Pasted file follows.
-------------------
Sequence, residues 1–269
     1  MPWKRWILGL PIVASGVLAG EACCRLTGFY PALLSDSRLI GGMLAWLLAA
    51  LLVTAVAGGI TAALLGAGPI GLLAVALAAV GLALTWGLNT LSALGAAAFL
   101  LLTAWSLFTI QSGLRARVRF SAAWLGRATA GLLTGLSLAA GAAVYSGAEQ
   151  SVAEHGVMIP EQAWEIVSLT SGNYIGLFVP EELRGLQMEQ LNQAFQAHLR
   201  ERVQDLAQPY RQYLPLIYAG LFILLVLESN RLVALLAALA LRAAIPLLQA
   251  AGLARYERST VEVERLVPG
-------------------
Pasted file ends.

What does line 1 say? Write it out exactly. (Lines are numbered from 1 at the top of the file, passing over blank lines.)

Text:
Sequence, residues 1–269